In the zonal marking method, every player of the team has influence and responsibility on how the team will prevent the opposition creating danger around the goal, whether by creating pressing zones in higher areas of the pitch or by closing the gaps between units, keeping the team defensively compact. The centre-back has different references and principles to respect during the game and being focused, committed, and constantly communicating are key factors during the defensive phase. Also, a centre-back who can read and interpret the game and anticipate the opposite movements and intentions is closer to reach a high level in this sport. Usually, coaches set 4 references points for the players to follow in order of importance when defending through this method: the ball, the player teammates’ position, the space, and the opponent. However, according to some coaches, inside the penalty area the opponent gains extra relevance and shall be more considered over the teammate positioning. This method ensures the team covers more space and narrow the gaps, making the defensive block even more compact.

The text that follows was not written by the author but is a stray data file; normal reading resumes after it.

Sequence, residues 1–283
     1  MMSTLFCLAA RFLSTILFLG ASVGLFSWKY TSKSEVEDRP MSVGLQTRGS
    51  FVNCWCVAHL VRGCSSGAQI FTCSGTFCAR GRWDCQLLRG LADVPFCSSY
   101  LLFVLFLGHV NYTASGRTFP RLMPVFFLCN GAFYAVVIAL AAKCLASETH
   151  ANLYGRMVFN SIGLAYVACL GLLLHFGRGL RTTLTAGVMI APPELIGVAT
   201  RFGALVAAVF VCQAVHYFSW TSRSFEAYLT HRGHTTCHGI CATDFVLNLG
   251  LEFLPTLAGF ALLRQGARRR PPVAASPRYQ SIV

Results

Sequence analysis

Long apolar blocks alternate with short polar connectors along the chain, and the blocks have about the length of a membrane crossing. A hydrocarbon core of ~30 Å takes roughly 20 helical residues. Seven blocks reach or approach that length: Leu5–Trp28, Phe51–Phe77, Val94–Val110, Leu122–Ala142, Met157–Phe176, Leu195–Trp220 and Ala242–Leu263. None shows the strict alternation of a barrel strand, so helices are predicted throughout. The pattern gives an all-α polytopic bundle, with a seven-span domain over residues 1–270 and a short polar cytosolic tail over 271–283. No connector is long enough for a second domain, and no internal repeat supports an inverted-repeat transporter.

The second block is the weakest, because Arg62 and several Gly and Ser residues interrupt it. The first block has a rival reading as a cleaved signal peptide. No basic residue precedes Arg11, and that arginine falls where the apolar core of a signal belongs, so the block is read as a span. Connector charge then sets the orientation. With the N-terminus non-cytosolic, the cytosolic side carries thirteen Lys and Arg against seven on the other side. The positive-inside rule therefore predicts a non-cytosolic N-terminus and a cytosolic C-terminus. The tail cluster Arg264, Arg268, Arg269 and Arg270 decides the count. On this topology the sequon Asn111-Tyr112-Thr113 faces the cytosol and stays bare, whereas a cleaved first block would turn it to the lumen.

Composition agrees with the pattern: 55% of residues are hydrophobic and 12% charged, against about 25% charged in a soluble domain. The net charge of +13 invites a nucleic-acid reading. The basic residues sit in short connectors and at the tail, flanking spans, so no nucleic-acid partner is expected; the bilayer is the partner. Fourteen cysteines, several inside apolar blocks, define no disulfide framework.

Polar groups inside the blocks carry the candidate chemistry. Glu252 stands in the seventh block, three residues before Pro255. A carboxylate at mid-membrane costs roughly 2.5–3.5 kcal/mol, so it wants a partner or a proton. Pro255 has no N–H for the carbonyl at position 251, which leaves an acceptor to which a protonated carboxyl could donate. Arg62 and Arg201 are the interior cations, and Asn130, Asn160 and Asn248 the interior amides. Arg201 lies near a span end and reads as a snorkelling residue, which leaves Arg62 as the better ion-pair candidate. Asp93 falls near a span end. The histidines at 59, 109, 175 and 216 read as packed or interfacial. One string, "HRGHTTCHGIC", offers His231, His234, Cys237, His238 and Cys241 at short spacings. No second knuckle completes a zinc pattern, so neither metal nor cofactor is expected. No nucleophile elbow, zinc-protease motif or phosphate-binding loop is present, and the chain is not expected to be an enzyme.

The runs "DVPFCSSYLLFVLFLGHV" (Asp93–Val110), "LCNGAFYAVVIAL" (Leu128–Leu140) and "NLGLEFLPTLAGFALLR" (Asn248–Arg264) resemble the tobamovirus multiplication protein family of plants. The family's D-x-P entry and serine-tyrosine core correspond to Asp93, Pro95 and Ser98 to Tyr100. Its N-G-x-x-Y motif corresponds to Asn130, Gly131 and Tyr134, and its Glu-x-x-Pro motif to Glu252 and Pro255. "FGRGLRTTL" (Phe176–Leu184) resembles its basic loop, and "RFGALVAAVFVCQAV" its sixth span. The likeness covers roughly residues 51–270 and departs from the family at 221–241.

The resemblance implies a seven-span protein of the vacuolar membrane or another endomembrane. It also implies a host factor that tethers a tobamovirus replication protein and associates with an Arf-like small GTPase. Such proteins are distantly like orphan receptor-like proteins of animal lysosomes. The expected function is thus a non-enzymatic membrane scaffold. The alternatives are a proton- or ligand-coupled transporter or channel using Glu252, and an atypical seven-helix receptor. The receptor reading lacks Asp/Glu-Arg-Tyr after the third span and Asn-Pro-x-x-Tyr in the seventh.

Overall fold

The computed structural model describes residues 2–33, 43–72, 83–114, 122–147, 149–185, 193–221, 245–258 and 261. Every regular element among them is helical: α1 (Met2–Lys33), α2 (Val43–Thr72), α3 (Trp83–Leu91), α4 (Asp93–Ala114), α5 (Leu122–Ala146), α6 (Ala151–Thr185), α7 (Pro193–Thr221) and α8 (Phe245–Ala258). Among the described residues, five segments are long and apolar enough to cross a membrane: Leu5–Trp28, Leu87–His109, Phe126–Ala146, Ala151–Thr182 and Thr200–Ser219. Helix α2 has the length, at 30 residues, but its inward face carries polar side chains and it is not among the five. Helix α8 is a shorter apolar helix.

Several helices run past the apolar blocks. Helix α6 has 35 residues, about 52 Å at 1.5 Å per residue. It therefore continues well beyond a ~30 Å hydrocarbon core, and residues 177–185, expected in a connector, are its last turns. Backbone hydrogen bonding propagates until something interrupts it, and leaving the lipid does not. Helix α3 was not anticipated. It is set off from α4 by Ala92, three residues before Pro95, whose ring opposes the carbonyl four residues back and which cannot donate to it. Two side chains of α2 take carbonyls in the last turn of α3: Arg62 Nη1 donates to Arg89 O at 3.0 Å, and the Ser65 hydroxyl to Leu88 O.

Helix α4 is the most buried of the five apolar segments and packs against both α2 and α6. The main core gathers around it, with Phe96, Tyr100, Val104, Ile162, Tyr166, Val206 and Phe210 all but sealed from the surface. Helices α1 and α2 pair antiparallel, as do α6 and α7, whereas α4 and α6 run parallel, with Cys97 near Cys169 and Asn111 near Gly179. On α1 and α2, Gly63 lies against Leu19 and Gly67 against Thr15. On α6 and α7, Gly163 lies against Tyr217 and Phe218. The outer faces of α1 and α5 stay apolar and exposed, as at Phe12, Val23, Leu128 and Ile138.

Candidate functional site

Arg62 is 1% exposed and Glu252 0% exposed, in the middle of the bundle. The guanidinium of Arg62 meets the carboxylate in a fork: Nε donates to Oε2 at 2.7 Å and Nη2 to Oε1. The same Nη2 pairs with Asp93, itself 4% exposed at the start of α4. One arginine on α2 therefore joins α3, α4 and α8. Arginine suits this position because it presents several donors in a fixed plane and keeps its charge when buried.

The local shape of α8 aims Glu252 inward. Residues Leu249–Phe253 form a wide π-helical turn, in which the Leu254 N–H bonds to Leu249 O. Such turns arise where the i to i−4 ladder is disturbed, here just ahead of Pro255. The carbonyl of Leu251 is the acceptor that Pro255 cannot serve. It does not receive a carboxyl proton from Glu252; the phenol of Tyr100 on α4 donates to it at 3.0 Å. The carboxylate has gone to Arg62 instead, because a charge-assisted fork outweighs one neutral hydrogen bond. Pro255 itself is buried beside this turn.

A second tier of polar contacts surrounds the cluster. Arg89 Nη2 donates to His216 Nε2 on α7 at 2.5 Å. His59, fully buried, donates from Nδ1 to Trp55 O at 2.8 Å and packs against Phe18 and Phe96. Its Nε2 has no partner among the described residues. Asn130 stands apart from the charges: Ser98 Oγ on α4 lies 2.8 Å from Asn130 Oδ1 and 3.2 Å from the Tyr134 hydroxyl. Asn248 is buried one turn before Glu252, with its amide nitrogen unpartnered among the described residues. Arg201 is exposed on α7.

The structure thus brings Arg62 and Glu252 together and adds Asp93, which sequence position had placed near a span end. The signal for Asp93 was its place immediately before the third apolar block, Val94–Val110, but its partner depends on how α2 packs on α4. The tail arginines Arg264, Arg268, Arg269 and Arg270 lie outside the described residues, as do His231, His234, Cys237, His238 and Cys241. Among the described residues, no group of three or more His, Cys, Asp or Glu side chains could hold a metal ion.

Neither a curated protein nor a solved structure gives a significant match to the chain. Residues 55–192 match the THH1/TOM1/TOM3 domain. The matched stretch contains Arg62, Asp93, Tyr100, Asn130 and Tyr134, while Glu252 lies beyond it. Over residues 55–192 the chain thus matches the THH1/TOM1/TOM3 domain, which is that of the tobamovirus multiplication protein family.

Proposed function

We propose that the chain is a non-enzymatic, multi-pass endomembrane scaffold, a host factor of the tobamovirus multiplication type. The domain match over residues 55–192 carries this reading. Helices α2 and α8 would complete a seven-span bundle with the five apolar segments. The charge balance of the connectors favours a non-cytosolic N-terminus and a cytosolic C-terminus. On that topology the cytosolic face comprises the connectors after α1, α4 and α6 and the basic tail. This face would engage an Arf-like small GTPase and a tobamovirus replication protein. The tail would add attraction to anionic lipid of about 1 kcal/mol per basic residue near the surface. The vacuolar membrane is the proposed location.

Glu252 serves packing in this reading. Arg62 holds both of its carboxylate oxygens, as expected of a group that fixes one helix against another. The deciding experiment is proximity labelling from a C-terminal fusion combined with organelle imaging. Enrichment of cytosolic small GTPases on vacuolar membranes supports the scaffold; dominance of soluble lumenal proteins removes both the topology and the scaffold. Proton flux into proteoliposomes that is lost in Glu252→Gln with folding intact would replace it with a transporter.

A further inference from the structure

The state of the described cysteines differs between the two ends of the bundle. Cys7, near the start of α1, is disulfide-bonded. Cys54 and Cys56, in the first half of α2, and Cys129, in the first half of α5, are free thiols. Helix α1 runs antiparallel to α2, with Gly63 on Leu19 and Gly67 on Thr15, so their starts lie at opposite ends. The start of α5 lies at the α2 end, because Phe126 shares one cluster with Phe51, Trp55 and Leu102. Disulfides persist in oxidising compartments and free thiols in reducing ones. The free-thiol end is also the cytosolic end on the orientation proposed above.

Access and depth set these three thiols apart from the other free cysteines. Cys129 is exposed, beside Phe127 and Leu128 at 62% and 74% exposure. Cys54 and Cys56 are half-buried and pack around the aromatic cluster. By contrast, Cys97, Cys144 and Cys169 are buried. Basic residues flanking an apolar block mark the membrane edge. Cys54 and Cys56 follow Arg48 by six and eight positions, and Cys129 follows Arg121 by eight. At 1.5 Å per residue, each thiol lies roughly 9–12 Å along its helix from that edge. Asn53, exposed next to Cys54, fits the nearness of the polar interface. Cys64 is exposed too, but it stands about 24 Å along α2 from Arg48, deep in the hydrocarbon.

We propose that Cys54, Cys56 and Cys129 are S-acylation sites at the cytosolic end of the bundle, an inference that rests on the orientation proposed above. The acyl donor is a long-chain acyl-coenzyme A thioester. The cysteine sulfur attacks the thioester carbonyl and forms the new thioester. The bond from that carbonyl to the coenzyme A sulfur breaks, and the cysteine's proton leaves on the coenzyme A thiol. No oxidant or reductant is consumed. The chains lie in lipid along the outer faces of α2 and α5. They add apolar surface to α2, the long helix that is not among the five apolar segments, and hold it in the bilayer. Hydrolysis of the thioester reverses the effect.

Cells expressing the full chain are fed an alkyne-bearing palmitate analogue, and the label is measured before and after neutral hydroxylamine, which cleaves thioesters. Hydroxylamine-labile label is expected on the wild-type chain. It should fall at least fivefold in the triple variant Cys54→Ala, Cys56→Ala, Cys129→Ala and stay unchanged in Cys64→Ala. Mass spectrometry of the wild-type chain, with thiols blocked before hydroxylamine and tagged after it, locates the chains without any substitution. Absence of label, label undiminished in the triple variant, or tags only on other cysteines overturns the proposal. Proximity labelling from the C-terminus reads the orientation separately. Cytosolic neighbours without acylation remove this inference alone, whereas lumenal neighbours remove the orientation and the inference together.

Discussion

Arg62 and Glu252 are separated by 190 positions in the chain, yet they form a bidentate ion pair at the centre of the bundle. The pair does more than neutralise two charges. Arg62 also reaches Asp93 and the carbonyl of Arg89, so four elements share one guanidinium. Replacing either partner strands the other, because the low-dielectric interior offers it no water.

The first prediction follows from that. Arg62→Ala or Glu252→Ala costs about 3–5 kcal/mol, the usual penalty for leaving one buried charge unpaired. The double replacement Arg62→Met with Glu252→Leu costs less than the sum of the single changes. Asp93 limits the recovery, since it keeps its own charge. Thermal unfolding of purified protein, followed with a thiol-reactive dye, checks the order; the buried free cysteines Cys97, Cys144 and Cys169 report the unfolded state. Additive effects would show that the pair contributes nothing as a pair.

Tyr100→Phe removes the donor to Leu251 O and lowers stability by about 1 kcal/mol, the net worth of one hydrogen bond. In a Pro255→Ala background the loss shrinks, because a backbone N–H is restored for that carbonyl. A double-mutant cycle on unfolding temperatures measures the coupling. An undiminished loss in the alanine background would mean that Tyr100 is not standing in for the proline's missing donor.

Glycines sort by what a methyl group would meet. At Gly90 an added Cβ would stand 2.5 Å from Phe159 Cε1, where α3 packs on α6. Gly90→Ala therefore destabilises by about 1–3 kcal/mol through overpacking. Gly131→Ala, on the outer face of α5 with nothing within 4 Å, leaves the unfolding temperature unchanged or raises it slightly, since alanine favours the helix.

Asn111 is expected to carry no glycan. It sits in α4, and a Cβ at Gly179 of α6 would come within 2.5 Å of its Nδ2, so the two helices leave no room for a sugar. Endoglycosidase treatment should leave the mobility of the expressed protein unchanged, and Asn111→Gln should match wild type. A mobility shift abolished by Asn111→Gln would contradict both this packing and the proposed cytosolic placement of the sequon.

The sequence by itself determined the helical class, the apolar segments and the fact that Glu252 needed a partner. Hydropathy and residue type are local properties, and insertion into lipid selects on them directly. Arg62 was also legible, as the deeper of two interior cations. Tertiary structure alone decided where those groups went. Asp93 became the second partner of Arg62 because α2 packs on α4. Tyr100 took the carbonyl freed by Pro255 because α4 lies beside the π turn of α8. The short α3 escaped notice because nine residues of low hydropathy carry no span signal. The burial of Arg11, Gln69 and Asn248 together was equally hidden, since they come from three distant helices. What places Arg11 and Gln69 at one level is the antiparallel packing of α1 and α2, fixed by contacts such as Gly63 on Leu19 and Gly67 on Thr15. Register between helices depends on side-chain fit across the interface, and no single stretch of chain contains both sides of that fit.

In the beginning of the 2020-2021 season, Pep Guardiola’s Manchester City was experiencing one of the most inconsistent starts in years and the lack of a world-class centre back was being appointed as one of the reasons for the poor start, mainly after the defeat against Leicester City (2-5) at the Etihad Stadium in the 3rd matchday. Exactly two days after that game, Manchester City announced the signing of the Portuguese international centre-back Ruben Dias paying £65M. Ruben Dias turned out to be the game changer for Manchester City defensive success in that season, helping the team to recover the Premier League title and to reach the UEFA Champions League final for the 1st time in the club history, winning the Premier League player of the season award. Just to give an example, Manchester City’s goals conceded per game have gone from 0.8 in the 25 games before Ruben Dias signed, to 0.4 in the 25 games since they signed him, with only 10 goals conceded in that period.